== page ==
France

Georgia On My Mind

Posted by Cutler on August 13, 2008
France, Georgia, Germany, Great Power Rivalry, Russia / 1 Comment

If I were blogging these days–which I am not–I would want to take up some old themes about the role of Georgia (along with Azerbaijan, Turkmenistan, Kazakhstan, Iran and Turkey) in US-led efforts to circumvent Russia in the export of Caspian oil and natural gas to Western Europe and to Israel.  (Note recent reports that Israeli was involved in the initial Georgian military offensive into South Ossetia on August 8.)

After all, the US-Russian proxy war in Georgia is a perfect example of Great Power Rivalry.

But I’m not blogging these days.

But if I were, I might also note that the US has been coordinating closely with its man on the Seine, Nicolas Sarkozy.  Formally, the French president is being consulted as the key US interlocutor because France currently holds the rotating presidency of the European Union.  And yet, I wonder whether there isn’t something more to it.  Yes, Sarkozy is the most pro-American French leader since… well, since Gilbert de Lafayette.  But the flip side of the pull toward Sarkozy is the “problem” of Angela Merkel.  No, I am not talking about the back rub.  I’m talking about the relatively cozy relationship between the Germans and the Russians.

And where is Angela Merkel on the question of Georgia?  Ask Moscow.  Back in March, AFP reported:

German Chancellor Angela Merkel signalled on Monday that she opposes granting NATO membership to former Soviet republics Ukraine and Georgia.

“A country should become a NATO member not only when its temporary political leadership is in favour but when a significant percentage of the population supports membership,” Merkel said in Berlin in reference to Ukraine and Georgia.

“Countries that are themselves entangled in regional conflicts, can in my opinion not become members,” she added after talks with NATO Secretary General Jaap de Hoop Scheffer.

Russian President Vladimir Putin said Saturday during a visit by Merkel to Moscow that NATO was aiming to replace the United Nations and warned this raised the potential for conflict.

The White House is already signaling a willingness to engage Russia militarily in Georgia.  But it might prove quite awkward for Bush to have to “save Europe” from a future of Russian energy blackmail if Germany seems uninterested in being “saved.”

Cheney’s Man on the Seine?

Posted by Cutler on May 07, 2007
France, Great Power Rivalry, Turkey / No Comments

Is French President-elect Nicolas Sarkozy Bush’s lapdog?  Cheney’s man on the Seine?  A Right Zionist in Paris?

In the context of great power rivalry, Sarkozy says he favors the US over Russia.  When he made the comment in mid-April 2007, RIA Novosti took notice:

“If you want to know which one is closer to me – the U.S. or Russia, which we saw in action in Chechnya – I will say the U.S.,” the candidate said…

“I tell great powers, including the U.S., that they are mistaken because they have not signed the Kyoto Protocol and that they are wrong in Iraq. But we have common values, such as democracy,” Sarkozy said.

Setting aside perfidious talk about “common values” regarding democracy, Sarkozy and Cheney may yet find at least enough common ground upon which to lay gas pipelines, specifically the so-called NABUCCO pipeline.

The Moscow Times says “Russia Faces Rougher Ride After French Vote” and notes that Sarkozy–like his defeated opponent–favors NABUCCO.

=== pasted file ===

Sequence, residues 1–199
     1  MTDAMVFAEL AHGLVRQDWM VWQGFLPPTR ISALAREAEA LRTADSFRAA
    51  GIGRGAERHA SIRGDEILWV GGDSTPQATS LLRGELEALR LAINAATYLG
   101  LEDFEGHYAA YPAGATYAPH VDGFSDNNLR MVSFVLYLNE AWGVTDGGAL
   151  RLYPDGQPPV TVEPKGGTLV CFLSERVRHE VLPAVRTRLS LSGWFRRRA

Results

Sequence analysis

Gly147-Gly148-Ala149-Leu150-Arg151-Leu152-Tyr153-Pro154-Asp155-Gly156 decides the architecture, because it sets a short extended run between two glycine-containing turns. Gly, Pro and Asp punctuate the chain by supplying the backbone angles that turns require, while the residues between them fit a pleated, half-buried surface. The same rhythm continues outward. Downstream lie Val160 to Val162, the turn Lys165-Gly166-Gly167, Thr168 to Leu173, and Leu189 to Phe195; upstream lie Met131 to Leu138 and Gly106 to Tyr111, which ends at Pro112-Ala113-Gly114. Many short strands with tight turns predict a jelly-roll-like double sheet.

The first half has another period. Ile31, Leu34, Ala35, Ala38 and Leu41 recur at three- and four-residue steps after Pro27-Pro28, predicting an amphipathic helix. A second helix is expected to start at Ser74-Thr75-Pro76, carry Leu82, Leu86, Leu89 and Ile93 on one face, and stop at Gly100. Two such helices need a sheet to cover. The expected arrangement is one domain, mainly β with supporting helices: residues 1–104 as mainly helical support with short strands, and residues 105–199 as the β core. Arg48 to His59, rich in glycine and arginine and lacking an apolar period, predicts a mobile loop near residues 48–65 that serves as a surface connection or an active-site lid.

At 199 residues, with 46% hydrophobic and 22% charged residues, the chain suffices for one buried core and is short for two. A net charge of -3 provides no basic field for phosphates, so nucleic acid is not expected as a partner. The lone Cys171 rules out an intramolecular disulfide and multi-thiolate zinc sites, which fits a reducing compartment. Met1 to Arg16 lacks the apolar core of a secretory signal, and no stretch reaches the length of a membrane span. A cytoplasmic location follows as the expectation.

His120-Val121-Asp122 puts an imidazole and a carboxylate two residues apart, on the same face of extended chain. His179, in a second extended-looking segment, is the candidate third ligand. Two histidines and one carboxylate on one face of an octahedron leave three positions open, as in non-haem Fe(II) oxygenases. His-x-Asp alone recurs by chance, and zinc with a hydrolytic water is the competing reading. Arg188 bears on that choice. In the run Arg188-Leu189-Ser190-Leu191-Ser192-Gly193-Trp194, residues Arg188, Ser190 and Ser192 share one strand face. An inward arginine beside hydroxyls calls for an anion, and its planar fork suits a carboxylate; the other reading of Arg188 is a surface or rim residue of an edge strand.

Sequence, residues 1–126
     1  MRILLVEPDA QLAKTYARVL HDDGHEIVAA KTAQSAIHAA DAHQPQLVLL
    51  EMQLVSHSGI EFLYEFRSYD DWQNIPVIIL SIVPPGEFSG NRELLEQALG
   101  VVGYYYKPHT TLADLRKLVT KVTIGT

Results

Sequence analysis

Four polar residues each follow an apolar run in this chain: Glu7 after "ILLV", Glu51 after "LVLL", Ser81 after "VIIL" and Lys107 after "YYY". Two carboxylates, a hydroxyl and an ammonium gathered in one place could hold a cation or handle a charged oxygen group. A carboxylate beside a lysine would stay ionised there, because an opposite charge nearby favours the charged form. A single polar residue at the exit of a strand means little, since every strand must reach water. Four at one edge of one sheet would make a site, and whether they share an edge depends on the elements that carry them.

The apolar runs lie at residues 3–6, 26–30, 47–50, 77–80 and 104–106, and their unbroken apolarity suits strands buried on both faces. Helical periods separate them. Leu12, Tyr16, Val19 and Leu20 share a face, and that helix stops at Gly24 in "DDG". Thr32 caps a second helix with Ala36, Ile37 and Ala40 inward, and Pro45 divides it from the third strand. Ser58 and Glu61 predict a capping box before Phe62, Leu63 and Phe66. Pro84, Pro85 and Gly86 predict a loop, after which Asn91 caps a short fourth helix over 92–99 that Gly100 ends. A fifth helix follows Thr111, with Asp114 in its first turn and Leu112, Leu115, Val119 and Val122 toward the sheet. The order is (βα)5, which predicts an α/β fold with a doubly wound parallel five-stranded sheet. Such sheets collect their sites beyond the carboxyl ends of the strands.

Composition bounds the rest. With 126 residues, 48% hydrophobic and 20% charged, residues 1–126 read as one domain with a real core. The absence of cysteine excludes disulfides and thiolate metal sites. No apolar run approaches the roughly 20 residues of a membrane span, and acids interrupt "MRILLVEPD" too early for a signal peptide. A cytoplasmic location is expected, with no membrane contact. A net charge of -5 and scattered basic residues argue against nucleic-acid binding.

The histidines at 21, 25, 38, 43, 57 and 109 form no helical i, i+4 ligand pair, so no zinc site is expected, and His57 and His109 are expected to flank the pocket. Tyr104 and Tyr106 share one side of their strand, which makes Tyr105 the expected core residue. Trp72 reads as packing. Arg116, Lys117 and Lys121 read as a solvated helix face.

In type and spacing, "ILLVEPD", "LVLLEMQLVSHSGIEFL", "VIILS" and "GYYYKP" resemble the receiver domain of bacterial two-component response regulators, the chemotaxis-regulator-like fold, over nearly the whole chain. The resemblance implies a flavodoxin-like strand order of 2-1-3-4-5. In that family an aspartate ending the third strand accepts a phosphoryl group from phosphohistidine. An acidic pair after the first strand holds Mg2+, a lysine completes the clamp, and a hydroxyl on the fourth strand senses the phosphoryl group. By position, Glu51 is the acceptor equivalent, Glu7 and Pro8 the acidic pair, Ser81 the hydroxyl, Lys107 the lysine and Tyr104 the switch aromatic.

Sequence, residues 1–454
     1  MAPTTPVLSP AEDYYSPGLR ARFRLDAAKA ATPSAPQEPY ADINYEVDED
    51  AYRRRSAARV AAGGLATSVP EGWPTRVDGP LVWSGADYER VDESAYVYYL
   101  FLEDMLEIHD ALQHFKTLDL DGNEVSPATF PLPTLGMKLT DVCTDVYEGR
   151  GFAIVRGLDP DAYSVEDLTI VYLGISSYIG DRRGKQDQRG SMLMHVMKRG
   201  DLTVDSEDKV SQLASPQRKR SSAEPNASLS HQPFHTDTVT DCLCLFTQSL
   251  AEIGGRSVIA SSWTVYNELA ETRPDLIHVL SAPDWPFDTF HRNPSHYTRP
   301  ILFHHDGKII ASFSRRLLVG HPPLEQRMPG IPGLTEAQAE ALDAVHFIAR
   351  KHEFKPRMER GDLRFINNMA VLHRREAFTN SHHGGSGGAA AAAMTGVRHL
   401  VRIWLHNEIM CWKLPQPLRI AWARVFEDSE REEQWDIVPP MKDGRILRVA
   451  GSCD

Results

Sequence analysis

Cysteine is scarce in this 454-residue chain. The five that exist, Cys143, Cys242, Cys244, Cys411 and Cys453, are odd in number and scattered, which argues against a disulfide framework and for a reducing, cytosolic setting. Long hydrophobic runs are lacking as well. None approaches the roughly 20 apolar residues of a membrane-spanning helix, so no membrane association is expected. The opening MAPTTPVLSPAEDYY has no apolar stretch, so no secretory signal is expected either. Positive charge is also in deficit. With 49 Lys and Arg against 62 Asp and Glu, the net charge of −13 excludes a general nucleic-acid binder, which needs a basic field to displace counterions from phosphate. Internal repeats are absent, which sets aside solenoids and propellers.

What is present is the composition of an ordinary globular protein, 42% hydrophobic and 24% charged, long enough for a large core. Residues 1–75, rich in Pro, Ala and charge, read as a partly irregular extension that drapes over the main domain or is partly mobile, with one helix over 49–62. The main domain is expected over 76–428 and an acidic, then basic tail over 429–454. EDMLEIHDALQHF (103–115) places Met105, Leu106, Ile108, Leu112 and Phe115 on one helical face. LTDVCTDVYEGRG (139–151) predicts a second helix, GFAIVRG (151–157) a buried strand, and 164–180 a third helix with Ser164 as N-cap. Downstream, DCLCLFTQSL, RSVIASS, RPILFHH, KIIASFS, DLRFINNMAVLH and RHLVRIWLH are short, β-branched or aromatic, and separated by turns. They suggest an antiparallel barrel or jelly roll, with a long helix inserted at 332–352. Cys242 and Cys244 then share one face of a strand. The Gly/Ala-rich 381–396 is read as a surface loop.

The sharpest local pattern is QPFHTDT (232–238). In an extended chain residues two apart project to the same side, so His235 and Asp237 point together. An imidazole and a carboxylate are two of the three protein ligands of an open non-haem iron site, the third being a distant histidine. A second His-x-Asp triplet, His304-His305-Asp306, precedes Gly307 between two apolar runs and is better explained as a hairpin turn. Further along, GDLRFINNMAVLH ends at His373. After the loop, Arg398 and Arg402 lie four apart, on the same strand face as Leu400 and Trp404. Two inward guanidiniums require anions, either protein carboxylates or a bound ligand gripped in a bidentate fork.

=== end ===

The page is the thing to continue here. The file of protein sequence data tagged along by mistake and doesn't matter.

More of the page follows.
Sarkozy… support[s] the participation of state-owned Gaz de France’s participation in the Nabucco pipeline, which would reduce Europe’s dependency on Russian natural gas.

In a mid-April debate among the three top contenders for the French presidency, Sarkozy was the most outspoken in his support for NABUCCO.  Reuters reported:

The [three candidates] all expressed support for the Nabucco pipeline project, due to ship Caspian natural gas from Turkey to Austria, reducing Europe’s energy dependence on Russia.

Sarkozy went further, saying he was prepared to accelerate the project, led by Austrian oil firm OMV.

But Sarkozy is going to have to do a bit of backtracking from the campaign if he is going find a place for France along the NABUCCO pipeline.

Sarkozy’s relatively pro-American stance was decidedly not a “populist” way to distinguish himself from fellow “Union for a Popular Movement (UMP)” Gaullists, Prime Minister Dominique de Villepin and President Jacques Chirac.

Instead, Sarkozy established his populist foreign policy bona fides by bashing Turkey and the idea of Turkish membership in the EU.

There will have to be some fence mending with Turkey–especially among the fiercely the nationalist military leaders that forced Turkey’s Islamic-backed foreign minister Abdullah Gul to withdraw his Presidential candidacy–if Sarkozy is going to restore plans for Gaz de France to join the NABUCCO consortium.

NABUCCO is a Turkish dream for transporting Caspian Sea gas.  It is strongly supported by the US and the EU:

If it is built and made functional by 2012 as intended, Nabucco can provide an estimated 15 percent of EU demand. The Baku-Tiblis-Ceyhan pipeline was translated into reality from a dream. But what are the chances at this stage for the Nabucco Pipeline Project? The idea was conceived in 2002, within the EU’s Common Energy Security policy. It will start from Georgia’s border with Turkey, then run a 3300 kilometer stretch crossing Bulgaria, Romania and Hungary, ending in Austria… Five energy companies have already signed up to build the pipeline, namely BOTAS from Turkey, Bulgargas, Transgaz from Romania and Mol of Hungary.

BOTAS Turkish state-owned pipeline company, has led the opposition to Gaz de France participation.

If Sarkozy is going to position France as a core member of an anti-Russian bloc in the EU, look for him to become decidedly more “pragmatic” in relations with Turkey.